Energy-Efficient Routing In Sparse Networks
Routing in sparse networks results in relatively long packet delivery delays and is unreliable. Thus, sparse networks are not an appropriate networking solutions for applications in which delay delivery is of critical importance. However, some applications can tolerate substantial amount of delay. Networks which can support communication for such applications are referred to as the Delay-Tolerant Networks (DTNs). Epidemic Routing Protocol (ERP) has been proposed and widely used for routing in DTNs. ERP is based on the concept of packet flooding - a node that carries a packet transmits (i.e., replicates) the packet to every node that it encounters. Thus, the numbers of copies of the packet rapidly increases. This type of routing results in the shortest possible packet delivery delay and in high packet delivery probability. However, these results come with strict assumptions that the network nodes have sufficiently large amount of energy and storage. In case where the network sequentially routes multiple packets, increasing the number of copies of the packet has its disadvantages. First is the excessive amount of energy used for transmissions. When nodes have limited amount of battery energy, increased number of copies eventually results in faster depletion of the batteries of the network nodes, reduction in the number of active nodes, and in reduced network lifetime. Second is the amount of memory used for packet storage. A node is likely to receive many different packets which will pile up the memory before the node encounters the sink. When its memory is full, the node should either remove a packet from its memory, or not receive another packet. Either way, this results in less packet copies and decrease of packet delivery probability. This study analyzes the ERP for two different cases and shows how to overcome the disadvantages by modifying the ERP. In case when the nodes have limited battery energy, minimizing and equalizing the energy expenditure at the nodes efficiently increases the network lifetime. In case when the nodes have limited storage, using linear combinations of multiple packets increase the packet delivery probability without any major cost of energy or storage.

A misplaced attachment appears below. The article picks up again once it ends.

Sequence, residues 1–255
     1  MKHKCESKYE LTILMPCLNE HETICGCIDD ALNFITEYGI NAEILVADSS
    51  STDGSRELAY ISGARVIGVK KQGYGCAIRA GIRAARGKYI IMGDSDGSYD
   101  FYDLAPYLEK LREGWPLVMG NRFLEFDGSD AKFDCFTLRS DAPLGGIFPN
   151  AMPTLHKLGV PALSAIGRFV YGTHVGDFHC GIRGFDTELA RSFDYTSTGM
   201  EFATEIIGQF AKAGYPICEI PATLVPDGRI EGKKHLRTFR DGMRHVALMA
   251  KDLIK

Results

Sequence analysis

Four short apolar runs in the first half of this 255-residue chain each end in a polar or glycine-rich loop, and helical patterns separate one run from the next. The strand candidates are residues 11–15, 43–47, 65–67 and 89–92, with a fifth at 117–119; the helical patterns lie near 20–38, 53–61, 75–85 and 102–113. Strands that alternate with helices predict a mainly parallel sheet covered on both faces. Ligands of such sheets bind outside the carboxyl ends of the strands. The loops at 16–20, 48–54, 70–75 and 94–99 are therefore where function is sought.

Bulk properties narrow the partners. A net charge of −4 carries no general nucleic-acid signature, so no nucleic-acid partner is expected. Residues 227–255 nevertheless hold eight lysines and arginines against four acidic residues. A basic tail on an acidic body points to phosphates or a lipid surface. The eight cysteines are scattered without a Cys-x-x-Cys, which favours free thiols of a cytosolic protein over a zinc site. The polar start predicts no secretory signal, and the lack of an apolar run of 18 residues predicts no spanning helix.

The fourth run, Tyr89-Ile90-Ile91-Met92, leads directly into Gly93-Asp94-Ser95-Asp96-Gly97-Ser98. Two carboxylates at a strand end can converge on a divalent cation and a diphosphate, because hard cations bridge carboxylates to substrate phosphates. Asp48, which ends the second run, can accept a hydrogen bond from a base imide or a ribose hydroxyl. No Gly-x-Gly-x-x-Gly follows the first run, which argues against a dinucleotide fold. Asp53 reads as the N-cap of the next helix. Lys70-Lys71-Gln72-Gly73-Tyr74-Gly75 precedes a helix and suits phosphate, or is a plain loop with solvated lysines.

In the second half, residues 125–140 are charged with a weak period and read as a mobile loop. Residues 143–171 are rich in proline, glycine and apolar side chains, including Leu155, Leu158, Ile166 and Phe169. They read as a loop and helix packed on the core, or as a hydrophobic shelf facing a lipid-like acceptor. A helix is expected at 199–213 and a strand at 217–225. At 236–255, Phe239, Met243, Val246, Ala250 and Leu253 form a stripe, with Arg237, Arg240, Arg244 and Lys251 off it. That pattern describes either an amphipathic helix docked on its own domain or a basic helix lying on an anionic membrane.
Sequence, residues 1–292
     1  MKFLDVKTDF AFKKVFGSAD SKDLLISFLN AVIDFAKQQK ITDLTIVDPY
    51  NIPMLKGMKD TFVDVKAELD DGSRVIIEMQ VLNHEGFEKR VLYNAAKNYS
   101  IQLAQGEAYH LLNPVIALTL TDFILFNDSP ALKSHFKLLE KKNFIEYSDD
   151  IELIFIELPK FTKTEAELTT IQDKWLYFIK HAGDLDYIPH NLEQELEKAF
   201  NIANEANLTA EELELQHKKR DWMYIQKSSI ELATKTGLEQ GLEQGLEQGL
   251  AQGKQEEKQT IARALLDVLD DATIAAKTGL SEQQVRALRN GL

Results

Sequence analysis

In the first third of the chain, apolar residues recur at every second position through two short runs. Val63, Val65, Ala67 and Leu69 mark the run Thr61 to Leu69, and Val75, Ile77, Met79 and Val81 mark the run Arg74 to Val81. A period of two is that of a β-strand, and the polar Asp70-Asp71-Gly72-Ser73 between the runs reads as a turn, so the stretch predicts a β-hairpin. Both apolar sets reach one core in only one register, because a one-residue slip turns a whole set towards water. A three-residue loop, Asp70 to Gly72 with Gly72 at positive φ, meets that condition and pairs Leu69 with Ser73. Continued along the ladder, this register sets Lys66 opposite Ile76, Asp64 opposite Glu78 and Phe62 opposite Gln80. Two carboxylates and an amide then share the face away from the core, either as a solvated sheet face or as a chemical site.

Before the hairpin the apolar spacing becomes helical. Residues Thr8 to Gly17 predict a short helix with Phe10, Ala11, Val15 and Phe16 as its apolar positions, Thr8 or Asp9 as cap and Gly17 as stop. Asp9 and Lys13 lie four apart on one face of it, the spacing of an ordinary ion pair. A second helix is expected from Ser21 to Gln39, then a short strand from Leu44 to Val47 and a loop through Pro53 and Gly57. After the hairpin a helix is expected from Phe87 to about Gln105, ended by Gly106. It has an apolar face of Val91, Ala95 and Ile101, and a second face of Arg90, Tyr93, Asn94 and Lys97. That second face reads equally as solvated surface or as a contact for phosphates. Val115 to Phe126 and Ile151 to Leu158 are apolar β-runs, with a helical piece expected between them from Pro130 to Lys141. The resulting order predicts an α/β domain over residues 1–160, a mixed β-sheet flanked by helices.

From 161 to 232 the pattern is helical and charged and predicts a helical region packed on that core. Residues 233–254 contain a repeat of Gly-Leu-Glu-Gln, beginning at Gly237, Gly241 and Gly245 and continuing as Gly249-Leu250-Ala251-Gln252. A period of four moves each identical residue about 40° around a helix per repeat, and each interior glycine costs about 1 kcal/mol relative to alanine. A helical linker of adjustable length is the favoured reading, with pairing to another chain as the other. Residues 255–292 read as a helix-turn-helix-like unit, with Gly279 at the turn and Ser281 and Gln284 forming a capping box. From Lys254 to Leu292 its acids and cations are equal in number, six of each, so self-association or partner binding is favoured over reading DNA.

dissertation or thesis